We all have different self protective reflex set points. In the beginning stages of progressive resistance training, our reflexes adapt to regular loading. Our muscles get stronger from the weights we lift and our tendons adapt along with them so that we continue to produce contractions with enough force to make our muscles stronger. At some point, our strength has out gained the adaptations of the tendons so that the tendons kick in their protective mechanisms before we can produce enough force voluntarily to cause strength gains. Someone like Ed Coan must have a very high set reflexive set point which allows him to produce effective contractions voluntarily using regular repetitions only. For most people, the case is different. For an typical trainee who has plateaued at say a 300 pound bench press, the problem is that to reverse 300 pounds they may produce 330-360 pounds of force. The problem is, they need to produce more: say 380-400 pounds of force. Their reflexes sense when the tension in the muscle rises to a certain level: say 360 pounds and inhibits the contraction from going even higher. This lifter will never produce enough force using regular repetitions to trigger further adaptations in the force producing capacity or a muscle. The key here is that:
FAST APPLICATION of high force temporarily circumvents the protective reflexive mechanism. It takes some time for the reflexive mechanism to kick in and tell the muscle to let up on the tension. If one can get the force production of a muscle up to the level needed to trigger increases in force producing capabilities before the tendon reflexes can put a lid on tension, one can get an effective strength producing contraction. Voluntarily, muscle tension builds slowly, and the tendons are right there to shut em down when a certain tension is reached. Box squats break the eccentric-concentric chain. By relaxing the muscles briefly, the tendons also recoil to normal length. By rapidly flexing off of the box, the muscles can then reach the critical level before the tendons have stretched to the point that the kick in. The ME workouts done by Westside lifters have also developed to take advantage of this. It was originally presented that in the ME workout, you should choose an exercise similar to the main lift but which focused on the weak point in your range of motion. Now, it appears from my reading, that Westside lifters use almost exclusively broken eccentric-concentric chain movements on their ME day: Board presses and floor presses with a brief pause and chain supported goodmornings. Ballistic goodmornings would also suppress the protective tendon reflexes.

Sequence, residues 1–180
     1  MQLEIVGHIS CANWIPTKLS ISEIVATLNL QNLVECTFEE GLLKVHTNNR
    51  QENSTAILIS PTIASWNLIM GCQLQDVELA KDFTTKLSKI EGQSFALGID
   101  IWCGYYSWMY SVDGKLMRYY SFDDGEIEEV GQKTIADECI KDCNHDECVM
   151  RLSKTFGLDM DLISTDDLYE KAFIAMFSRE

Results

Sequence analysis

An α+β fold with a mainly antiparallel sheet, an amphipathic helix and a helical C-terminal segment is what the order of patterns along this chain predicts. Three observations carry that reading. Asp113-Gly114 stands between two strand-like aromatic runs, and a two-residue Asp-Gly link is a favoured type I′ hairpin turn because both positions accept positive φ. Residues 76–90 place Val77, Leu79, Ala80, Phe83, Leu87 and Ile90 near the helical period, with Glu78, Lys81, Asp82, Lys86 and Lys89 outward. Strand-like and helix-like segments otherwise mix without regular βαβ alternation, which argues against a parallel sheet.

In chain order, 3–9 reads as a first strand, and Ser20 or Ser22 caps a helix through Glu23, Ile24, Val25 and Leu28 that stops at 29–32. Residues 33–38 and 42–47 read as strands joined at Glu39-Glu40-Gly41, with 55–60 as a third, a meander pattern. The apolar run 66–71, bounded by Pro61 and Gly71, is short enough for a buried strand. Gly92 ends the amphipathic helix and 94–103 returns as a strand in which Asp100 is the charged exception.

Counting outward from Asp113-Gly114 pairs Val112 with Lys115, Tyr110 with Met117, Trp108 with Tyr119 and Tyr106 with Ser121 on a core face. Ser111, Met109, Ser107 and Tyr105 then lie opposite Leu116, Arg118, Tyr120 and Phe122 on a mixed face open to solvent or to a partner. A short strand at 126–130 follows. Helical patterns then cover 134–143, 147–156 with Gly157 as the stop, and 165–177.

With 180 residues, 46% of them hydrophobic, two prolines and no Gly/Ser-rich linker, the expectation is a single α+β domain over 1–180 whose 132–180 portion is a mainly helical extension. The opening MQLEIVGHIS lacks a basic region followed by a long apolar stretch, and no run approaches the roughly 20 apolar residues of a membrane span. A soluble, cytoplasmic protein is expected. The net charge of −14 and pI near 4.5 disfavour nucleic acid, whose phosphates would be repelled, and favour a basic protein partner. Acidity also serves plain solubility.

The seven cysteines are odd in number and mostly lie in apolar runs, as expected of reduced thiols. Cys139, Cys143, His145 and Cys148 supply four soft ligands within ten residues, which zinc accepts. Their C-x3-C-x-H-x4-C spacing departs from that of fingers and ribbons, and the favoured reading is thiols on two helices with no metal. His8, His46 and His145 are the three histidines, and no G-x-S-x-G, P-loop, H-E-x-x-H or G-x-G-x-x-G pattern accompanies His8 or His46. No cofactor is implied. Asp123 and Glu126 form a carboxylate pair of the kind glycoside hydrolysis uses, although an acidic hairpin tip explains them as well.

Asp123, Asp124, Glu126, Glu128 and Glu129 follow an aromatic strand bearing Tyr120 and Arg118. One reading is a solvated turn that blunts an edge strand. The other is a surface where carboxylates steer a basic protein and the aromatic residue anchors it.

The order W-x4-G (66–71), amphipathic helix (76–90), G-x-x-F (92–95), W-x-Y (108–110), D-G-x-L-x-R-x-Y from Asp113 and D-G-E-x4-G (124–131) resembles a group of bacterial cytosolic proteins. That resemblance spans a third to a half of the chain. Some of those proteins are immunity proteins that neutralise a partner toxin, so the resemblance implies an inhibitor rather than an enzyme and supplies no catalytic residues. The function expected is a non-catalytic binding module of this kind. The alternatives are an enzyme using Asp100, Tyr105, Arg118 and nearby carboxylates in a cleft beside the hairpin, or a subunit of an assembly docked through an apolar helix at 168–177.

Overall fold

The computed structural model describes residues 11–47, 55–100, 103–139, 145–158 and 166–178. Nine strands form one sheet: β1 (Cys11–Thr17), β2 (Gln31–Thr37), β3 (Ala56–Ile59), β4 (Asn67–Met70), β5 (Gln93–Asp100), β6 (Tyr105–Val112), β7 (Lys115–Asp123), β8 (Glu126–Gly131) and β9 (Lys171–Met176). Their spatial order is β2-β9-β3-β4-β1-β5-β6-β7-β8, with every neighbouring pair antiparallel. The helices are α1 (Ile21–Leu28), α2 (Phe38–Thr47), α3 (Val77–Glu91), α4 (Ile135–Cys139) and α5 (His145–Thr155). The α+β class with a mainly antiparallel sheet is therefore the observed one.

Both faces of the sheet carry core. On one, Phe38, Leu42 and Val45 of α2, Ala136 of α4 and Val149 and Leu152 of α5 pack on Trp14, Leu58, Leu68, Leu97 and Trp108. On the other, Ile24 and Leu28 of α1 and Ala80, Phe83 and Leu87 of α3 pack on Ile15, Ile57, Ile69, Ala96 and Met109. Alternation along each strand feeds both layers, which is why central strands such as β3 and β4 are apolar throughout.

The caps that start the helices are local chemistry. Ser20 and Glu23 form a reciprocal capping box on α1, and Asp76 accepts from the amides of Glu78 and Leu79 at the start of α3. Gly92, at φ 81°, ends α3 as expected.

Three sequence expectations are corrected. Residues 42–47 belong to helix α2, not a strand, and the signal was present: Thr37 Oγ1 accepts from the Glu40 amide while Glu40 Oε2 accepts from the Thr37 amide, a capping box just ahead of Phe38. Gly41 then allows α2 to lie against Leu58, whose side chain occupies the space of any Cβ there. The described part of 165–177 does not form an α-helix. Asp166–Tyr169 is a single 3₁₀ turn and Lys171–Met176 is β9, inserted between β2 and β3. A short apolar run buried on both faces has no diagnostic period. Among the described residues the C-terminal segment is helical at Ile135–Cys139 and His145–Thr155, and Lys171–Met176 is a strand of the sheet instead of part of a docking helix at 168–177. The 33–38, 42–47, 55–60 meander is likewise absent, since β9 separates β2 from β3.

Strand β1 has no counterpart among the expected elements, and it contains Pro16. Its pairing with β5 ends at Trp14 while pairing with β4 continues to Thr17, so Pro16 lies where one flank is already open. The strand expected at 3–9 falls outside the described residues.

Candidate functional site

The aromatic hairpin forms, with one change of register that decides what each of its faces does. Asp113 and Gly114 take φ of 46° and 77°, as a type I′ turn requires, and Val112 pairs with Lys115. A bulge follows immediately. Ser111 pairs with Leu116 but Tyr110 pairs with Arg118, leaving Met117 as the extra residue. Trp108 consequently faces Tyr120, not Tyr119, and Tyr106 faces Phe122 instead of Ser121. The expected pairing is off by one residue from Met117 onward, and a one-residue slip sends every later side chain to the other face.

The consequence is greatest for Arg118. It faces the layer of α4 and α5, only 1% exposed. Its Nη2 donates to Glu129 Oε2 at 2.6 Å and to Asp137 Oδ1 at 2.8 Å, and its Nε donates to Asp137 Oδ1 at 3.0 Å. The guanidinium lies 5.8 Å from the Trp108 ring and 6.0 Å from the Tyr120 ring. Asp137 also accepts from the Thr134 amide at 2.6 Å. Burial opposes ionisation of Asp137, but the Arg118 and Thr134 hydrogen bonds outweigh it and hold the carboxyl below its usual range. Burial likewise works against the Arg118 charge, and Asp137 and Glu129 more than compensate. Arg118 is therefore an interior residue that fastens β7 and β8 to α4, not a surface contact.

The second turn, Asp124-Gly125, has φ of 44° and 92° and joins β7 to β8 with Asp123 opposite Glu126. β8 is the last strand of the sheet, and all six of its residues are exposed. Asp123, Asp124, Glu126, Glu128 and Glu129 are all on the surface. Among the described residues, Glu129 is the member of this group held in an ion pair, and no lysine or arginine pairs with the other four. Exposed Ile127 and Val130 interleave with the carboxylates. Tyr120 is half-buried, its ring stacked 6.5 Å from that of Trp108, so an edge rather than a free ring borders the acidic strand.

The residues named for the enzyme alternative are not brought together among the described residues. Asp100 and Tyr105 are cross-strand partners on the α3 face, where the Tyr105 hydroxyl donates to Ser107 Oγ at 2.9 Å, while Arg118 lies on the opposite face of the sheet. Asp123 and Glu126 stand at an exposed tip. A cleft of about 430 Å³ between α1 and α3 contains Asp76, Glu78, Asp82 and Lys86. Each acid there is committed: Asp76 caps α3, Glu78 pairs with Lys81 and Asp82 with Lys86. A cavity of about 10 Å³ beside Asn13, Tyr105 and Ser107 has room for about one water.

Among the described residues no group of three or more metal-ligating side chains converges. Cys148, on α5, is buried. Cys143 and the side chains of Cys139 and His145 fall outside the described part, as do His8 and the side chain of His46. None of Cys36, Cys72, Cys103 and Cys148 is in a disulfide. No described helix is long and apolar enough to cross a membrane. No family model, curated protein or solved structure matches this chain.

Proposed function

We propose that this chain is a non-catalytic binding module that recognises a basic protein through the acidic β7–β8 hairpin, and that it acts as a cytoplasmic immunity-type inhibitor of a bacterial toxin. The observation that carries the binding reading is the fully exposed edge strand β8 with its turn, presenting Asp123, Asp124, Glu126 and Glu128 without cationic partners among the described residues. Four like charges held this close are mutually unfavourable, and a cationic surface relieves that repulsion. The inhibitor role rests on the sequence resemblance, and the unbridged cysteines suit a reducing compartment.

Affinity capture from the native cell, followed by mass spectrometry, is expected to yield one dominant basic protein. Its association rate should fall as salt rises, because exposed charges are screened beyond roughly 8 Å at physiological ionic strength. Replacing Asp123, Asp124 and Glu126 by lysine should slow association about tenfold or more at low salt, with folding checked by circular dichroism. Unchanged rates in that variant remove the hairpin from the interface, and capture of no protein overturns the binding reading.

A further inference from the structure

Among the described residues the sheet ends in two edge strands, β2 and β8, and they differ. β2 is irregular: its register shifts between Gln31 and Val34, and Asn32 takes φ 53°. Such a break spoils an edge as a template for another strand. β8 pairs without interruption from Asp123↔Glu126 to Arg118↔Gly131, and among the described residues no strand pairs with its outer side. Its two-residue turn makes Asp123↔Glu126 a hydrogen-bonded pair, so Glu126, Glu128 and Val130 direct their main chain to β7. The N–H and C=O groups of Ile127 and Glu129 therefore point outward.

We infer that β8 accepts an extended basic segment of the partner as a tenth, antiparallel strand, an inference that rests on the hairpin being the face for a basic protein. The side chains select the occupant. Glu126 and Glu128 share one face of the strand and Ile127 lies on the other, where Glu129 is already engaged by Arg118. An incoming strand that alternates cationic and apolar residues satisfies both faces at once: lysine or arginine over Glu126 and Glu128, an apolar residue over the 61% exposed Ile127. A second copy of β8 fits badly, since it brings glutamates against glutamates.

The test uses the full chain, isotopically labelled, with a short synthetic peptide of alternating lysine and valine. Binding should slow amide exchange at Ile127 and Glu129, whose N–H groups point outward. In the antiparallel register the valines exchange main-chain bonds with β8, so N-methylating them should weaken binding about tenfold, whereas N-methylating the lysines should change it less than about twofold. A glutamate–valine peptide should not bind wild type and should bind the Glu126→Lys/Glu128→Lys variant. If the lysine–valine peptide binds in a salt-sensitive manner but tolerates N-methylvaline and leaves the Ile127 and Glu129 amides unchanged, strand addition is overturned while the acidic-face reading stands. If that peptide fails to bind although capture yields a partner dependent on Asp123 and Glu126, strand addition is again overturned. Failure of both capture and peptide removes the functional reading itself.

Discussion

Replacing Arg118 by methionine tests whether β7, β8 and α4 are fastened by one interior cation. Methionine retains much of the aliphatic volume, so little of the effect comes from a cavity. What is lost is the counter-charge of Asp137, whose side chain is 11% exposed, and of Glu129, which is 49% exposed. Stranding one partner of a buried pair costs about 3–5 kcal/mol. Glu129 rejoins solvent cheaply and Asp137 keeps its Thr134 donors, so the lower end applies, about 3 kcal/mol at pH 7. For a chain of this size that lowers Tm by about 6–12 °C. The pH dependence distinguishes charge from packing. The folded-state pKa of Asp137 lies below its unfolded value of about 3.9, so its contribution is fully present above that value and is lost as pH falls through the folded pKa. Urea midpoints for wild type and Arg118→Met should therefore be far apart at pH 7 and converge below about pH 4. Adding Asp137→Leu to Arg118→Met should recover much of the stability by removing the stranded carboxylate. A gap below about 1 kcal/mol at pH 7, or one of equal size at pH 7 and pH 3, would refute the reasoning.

Doubled over bands are the only progressive way to consistently bypass protective tendon reflexes. The time tested way of tricking the muscle into contracting fast enough to temporarily bypass the inhibitory tendon reflexes (and also to take advantage of excitatory tendon reflexes) is to increase the downward speed and acceleration of a weight before reversal. Raw weights, no matter what the load can only accelerated downward at 1 G, maybe a little more if you actively pull them down. Bands are the only mechanism that actually increases the downward ACCELERATION and also therefore SPEED of the bar. This is because all objects fall at the same rate. One weight that is twice as heavy as another has twice as much force pulling it down, but it also has twice as much RESISTANCE TO ACCELERATION and so it still falls with the same acceleration. When bands are added, the downward force is increased, but the resistance to downward acceleration that the weight has stays the same. Doubled bands can be increased progressively to match long term increases in strength. I also believe that the reflex set point rises with this type of training so that the tendons can be pushed to a higher threshold before they inhibit contraction. Also, I believe that this method of training will thicken the tendons, making them less deformable and therefore less prone to signal an inhibitory reflex. Finally, I believe that the use of bands can extend the period of maximal contraction by eliciting an extended excitatory response from the tendons.
Tell me: Full of crap? Any examples that support or refute this model? True/False: I should spend more time working out and less time writing dissertations.
By the way, Jim Parrish (Joe average) has pioneered the REGULAR use of doubled resistance bands. I do not purport to specifically represent his views.